Moreover, we urge every citizen to insist that their government adopt policies to foster emission reductions and prepare for climate change, and to provide sufficient resources to build the capacity of the most impacted people worldwide to do the same.
This is not just about avoiding harm. Acting on our moral principles will foster the growth of a sustainable economy that creates millions of good jobs in clean energy fields, supports healthy families, and builds vibrant communities. That, itself, makes this imperative.
The need for action is urgent, the possibilities enormous. Please join us in heeding this call.
“Environmental Stewardship and Justice”
The theme at three U.S. Bahá'í Permanent Schools
Since late July, courses have been held on themes of environmental stewardship and justice at three permanent Bahá'í schools in the U.S. Programs at Green Acre and Bosch Bahá'í schools targeted Junior Youth while the session at Louhelen was geared toward adult participants. The sessions built on programs initiated in 2010.
According to Peter Adriance (an IEF governing board member and NGO liaison for the U.S. National Spiritual Assembly), participants drew inspiration from the Bahá'í Writings (the "Book of Revelation"), direct, close-up immersion in nature (the "Book of Creation") and material on current issues such as climate change, consumption of resources, and poverty. Many went home inspired to take action in their communities.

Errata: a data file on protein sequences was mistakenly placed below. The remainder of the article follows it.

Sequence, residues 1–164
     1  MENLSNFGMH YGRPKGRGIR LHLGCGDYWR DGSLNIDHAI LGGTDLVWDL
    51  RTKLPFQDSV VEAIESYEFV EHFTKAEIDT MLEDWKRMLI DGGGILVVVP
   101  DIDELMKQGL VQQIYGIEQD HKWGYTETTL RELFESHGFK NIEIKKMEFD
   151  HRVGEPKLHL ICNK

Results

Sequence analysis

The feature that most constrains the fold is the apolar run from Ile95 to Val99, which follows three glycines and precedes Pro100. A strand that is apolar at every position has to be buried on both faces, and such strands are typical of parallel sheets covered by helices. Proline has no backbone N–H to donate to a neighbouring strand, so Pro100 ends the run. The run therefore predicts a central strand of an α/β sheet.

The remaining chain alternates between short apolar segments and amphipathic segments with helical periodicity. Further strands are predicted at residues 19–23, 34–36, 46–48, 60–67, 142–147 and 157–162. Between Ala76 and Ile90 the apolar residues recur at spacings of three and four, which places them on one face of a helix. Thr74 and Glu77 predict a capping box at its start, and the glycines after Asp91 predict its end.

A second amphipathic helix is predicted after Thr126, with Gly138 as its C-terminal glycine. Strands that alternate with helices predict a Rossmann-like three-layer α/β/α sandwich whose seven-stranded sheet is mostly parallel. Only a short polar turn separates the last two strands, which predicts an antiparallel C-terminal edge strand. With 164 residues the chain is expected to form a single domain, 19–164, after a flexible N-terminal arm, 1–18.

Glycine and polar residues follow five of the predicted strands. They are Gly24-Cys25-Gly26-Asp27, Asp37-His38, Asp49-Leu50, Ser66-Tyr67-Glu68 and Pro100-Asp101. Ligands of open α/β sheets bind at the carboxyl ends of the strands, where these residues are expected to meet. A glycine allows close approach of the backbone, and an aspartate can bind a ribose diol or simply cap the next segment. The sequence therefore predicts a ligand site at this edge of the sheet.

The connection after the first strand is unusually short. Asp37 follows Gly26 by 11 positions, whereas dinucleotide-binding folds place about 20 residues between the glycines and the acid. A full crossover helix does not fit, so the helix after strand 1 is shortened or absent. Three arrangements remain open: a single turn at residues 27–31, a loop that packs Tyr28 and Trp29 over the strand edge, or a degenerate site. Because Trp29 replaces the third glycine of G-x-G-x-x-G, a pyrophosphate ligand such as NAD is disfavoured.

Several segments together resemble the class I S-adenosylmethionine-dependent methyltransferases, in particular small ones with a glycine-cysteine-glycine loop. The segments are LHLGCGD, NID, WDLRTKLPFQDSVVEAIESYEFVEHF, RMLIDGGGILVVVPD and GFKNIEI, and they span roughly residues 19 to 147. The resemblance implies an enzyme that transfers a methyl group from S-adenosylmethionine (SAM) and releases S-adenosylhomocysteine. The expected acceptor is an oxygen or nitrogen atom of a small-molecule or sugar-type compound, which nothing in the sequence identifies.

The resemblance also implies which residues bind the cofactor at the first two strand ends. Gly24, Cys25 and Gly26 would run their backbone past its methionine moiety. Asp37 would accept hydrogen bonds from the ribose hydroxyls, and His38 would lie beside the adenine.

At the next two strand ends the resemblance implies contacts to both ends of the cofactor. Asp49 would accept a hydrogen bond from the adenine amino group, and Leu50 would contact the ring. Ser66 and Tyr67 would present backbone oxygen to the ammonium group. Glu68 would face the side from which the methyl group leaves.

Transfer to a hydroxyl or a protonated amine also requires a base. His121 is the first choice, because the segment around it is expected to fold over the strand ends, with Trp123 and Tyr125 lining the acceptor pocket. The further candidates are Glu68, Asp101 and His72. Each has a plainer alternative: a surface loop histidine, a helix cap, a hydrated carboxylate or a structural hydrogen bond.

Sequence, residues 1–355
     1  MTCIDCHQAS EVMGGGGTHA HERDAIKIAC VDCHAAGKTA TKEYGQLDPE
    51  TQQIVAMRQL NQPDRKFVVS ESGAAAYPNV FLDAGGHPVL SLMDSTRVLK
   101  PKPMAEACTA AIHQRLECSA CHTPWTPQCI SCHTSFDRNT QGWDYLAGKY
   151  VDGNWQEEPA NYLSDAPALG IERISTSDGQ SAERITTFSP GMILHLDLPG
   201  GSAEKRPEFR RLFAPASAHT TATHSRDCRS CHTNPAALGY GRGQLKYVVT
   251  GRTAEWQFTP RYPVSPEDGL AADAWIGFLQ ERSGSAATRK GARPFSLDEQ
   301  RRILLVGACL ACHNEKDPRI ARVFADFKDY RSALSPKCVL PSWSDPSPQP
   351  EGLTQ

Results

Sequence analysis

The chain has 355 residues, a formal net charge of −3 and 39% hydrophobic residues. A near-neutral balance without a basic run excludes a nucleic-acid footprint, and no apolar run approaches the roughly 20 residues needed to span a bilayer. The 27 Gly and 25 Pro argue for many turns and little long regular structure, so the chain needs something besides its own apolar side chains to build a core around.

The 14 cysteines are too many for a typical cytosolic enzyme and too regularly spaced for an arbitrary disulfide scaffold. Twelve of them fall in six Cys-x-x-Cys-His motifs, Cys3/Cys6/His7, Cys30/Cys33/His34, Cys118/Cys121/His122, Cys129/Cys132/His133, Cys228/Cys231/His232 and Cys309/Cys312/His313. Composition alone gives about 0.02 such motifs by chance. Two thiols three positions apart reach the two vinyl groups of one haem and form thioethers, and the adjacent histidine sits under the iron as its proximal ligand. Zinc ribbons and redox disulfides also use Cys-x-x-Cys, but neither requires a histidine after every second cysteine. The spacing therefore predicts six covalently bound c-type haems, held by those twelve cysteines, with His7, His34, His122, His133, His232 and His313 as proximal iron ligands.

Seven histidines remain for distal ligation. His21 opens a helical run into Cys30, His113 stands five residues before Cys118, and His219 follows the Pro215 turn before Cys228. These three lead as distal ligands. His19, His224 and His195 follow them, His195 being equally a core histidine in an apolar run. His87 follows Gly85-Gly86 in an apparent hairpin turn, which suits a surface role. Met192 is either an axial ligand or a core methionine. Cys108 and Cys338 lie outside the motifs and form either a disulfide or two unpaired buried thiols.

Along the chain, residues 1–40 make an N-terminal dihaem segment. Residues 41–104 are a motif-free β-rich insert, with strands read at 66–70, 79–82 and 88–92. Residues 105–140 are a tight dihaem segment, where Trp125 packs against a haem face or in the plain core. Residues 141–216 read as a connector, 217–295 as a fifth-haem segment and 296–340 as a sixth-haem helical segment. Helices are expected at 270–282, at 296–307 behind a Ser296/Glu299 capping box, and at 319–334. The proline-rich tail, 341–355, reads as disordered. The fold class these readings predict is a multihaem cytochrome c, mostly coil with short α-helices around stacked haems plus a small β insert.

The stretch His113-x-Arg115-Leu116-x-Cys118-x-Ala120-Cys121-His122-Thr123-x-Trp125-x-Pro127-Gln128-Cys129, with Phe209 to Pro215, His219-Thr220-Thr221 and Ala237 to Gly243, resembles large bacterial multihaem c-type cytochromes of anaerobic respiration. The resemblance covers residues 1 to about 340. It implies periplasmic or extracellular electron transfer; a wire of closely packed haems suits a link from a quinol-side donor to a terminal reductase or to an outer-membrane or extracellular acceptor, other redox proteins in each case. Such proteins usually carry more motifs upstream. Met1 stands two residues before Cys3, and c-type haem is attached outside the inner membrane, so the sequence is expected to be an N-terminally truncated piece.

Three other IEF members -- Ariane Bertand, Lloyd ―Dingo‖ Brown, and Karryn Olson-Ramanujan – also played a prominent role in developing and facilitating the sessions, which were inspired in part by the National Spiritual Assembly's ongoing commitment to the UN Decade of Education for Sustainable Development at http://unesdoc.unesco.org/images/0014/001416/141629e.pdf and the Bahá'í International Community‘s commitment to a seven year plan of action on climate change at https://iefworld.org/bicccap.html.
For a report on the Green Acre session see: ―5-day academy ignites Jr. Youth on environment & justice‖ at http://www.bahai.us/2011/08/09/5-day-academy-ignites-jr-youth-on-enviro…
Positions available at Fudan University, Shanghai, China
The following positions are available immediately (start date is flexible) for Professor/Associate
Professor with three-plus years of focused work on research (hardly any teaching, unless you want it…).
Values (i.e. possibly underlying behaviour change)